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Supply Chain Execs Predict Growth Through 2018 – With a Few Headwinds

Purchasing managers for the United States’ manufacturing industries are expecting growth through the remainder of 2018, but potential for some supply chain disruptions exist as well.

In the Institute For Supply Management’s Semiannual Economic Forecast, 62% of manufacturing respondents expect their revenue in 2018 will be 11.6% higher than in 2017. Overall, the industry forecasts an average of 6.6% revenue growth for the year.

Image courtesy: Pixabay

Image courtesy: Pixabay

Most of the metrics tracked by the ISM are up and to the right for 2018: operating rates are at 85.8%, expected capital expenditures will increase 10.1%, and employment is forecast to grow 1.8%. However, prices for raw materials are expected to increase by 5%  and tariffs remain a concern for U.S. manufacturers.

“With 15 of the 18 manufacturing sector industries predicting revenue growth in 2018, when compared to 2017, U.S. manufacturing continues to move in a positive direction,” said Timothy R. Fiore, chair of the ISM’s Manufacturing Business Survey Committee. “However, finding and onboarding qualified labor and being able to pass on raw material price increases will ultimately define manufacturing revenues and profitability.”

First, the good news: a 10.1% increase in capital expenditures is “notably higher” than the 2.7% increase predicted in December 2017, according to the ISM. Thirty-four percent of manufacturing respondents predict they’ll increase capital expenditures; 52% said they’ll spend the same as in 2017. Among those that expect to increase capex, the general business outlook and recent tax reform are cited as the reasons.

 Overall, expectations for production capacity nearly doubled from 2017’s prediction: capacity is expected to increase 4.9% in 2018, reflecting continuing strength in the manufacturing sector. Of the 15 manufacturing industries that expect to increase capacity, segments of the electronics industry ranked 11th and 15th.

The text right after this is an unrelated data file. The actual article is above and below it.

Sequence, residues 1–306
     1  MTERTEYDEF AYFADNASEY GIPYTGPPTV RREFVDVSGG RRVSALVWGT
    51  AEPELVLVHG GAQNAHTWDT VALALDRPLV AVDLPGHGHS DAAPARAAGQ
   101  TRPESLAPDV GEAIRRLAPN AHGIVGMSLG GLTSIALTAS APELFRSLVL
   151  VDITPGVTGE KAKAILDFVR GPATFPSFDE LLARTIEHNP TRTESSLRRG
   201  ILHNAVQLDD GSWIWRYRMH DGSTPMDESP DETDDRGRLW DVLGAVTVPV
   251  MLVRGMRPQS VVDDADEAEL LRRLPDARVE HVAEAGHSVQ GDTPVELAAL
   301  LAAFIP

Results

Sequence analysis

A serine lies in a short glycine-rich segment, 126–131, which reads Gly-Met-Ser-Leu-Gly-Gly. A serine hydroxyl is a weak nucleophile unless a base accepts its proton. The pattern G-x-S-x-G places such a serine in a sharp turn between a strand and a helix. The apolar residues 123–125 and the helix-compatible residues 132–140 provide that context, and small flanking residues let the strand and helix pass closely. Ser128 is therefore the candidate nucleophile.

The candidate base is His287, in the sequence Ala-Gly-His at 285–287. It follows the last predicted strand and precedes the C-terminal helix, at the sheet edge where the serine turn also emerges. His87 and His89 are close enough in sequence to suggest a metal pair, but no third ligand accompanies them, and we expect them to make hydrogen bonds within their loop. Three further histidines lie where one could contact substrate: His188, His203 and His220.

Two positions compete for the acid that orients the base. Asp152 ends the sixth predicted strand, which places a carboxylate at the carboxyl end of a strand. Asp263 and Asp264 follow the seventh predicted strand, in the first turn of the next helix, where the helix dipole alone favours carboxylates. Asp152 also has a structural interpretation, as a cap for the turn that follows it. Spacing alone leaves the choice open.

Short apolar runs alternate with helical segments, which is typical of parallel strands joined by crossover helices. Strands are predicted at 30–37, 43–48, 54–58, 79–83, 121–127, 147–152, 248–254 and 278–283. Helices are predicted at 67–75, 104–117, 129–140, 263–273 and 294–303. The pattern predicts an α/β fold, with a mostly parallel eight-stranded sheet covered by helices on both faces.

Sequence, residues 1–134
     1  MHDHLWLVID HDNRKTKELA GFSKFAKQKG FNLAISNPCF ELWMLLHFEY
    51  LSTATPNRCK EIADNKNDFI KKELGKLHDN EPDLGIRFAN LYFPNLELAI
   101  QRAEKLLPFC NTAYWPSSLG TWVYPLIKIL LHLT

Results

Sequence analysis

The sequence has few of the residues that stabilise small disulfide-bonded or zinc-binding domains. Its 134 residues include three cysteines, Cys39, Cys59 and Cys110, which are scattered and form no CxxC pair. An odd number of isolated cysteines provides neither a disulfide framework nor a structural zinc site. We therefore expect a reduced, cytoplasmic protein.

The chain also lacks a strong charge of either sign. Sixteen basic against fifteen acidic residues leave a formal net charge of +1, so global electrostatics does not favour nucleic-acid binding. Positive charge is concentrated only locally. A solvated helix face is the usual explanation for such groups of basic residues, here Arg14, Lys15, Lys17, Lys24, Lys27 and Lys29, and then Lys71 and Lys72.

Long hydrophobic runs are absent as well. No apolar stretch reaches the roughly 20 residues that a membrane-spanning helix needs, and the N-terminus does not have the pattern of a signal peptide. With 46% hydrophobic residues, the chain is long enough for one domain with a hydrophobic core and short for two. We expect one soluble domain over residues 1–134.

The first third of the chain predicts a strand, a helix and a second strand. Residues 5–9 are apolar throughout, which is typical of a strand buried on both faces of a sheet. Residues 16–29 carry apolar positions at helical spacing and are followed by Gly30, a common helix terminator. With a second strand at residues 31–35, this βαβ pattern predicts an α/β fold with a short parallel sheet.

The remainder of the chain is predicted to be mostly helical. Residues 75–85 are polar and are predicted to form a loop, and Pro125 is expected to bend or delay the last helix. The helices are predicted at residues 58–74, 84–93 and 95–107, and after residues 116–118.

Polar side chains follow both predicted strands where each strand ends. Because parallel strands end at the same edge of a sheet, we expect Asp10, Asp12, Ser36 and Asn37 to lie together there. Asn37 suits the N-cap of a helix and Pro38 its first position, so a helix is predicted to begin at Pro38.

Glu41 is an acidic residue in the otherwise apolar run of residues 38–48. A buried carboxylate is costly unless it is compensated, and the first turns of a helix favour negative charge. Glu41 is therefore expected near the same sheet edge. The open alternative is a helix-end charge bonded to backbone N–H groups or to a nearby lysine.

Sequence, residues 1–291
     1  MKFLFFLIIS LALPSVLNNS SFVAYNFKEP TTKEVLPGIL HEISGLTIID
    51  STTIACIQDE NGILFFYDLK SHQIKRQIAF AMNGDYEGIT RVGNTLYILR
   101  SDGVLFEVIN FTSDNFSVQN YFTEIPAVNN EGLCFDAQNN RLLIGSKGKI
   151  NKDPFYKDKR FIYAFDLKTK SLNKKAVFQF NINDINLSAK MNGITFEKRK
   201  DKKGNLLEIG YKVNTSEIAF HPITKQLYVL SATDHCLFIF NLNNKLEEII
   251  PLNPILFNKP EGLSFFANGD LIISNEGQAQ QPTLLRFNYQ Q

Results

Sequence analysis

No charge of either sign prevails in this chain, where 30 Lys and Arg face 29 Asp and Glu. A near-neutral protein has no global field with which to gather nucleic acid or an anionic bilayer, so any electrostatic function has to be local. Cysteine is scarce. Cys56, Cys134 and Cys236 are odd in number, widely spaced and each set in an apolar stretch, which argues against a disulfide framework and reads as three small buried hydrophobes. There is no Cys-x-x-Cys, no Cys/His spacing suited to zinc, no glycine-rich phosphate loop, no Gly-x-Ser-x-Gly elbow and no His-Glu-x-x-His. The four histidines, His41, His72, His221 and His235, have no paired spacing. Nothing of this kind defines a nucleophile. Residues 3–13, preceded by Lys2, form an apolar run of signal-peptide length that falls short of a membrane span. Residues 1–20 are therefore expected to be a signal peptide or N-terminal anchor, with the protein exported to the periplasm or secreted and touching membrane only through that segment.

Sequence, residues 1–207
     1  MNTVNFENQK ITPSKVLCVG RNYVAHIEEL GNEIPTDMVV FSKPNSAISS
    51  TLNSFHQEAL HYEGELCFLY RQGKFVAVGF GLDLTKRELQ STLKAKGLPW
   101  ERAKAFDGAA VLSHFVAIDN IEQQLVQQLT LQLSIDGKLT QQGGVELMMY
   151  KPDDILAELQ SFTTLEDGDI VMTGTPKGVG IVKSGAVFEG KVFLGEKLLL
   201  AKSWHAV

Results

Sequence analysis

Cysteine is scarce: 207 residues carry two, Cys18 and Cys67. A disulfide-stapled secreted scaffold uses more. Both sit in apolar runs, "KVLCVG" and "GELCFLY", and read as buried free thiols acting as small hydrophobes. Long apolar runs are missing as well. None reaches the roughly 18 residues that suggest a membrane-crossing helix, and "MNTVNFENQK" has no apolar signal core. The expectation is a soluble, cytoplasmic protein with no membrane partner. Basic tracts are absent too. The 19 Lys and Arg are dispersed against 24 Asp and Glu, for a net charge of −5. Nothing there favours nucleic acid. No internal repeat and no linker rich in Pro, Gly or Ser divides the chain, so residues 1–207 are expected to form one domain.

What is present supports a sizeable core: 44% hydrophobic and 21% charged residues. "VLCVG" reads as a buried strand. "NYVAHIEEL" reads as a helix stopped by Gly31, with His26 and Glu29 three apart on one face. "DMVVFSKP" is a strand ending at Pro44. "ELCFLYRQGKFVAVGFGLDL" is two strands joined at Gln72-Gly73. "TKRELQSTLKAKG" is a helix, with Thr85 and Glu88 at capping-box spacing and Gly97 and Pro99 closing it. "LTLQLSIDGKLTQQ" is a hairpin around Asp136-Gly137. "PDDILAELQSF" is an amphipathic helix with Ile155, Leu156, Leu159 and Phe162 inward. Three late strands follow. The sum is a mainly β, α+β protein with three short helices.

However, increased prices also outstripped 2017’s forecast. In December 2017, respondents predicted an increase of 1.3% in prices paid during the first four months of 2018; they now report prices actually increased by 4.8%. Seventy percent of respondents expect prices to increase during the remainder of 2018 by 7.3%, reported the ISM. Of the 18 industries that expect price increases, electronics companies ranked toward the middle of the list.

If or when the U.S. finally imposes tariffs on steel and aluminum, almost 74% of manufactures expect the price of the goods they manufacture to increase. In turn, these manufacturers expect to pass on price increases of an average 5.4% to their customers. Nearly 58% of manufacturers expect tariffs to disrupt their supply chains while 42.5% expects they will not.

Manufacturers also expect to be paying more for labor. A full 77.9% of respondents had difficulty hiring workers to fill open positions, the ISM found. More than 53% raised wages.  Only 47.9% offered additional training for new hires while 52.1% did not.

In summary, the ISM’s semiannual manufacturing forecast reports:

  • Operating rate is currently at 85.8% of normal capacity.
  • Production capacity is expected to increase 4.9% in 2018.
  • Capital expenditures are expected to increase 10.1% in 2018.
  • Prices paid increased 4.8% through the end of April 2018.
  • Prices of raw materials are expected to increase a total of 5.0% for all of 2018, indicating an expected increase of 0.2% in prices for the remainder of the year.
  • Manufacturing employment is expected to increase by 1.8% in 2018.
  • Manufacturing revenue is expected to increase 6.6% in 2018.
  • Overall, manufacturing is expected to exhibit a positive growth trend in 2018.

The 18 industries surveyed by the ISM include computer and  electronic products; electrical equipment, appliances and  components; transportation equipment; food, beverage and  tobacco products; textile mills; apparel, leather and  allied products; wood products; paper products; printing and  related support activities; petroleum and  coal products; chemical products; plastics and  rubber products; nonmetallic mineral products; primary metals; fabricated metal products; machinery; furniture and  related products; and miscellaneous manufacturing.

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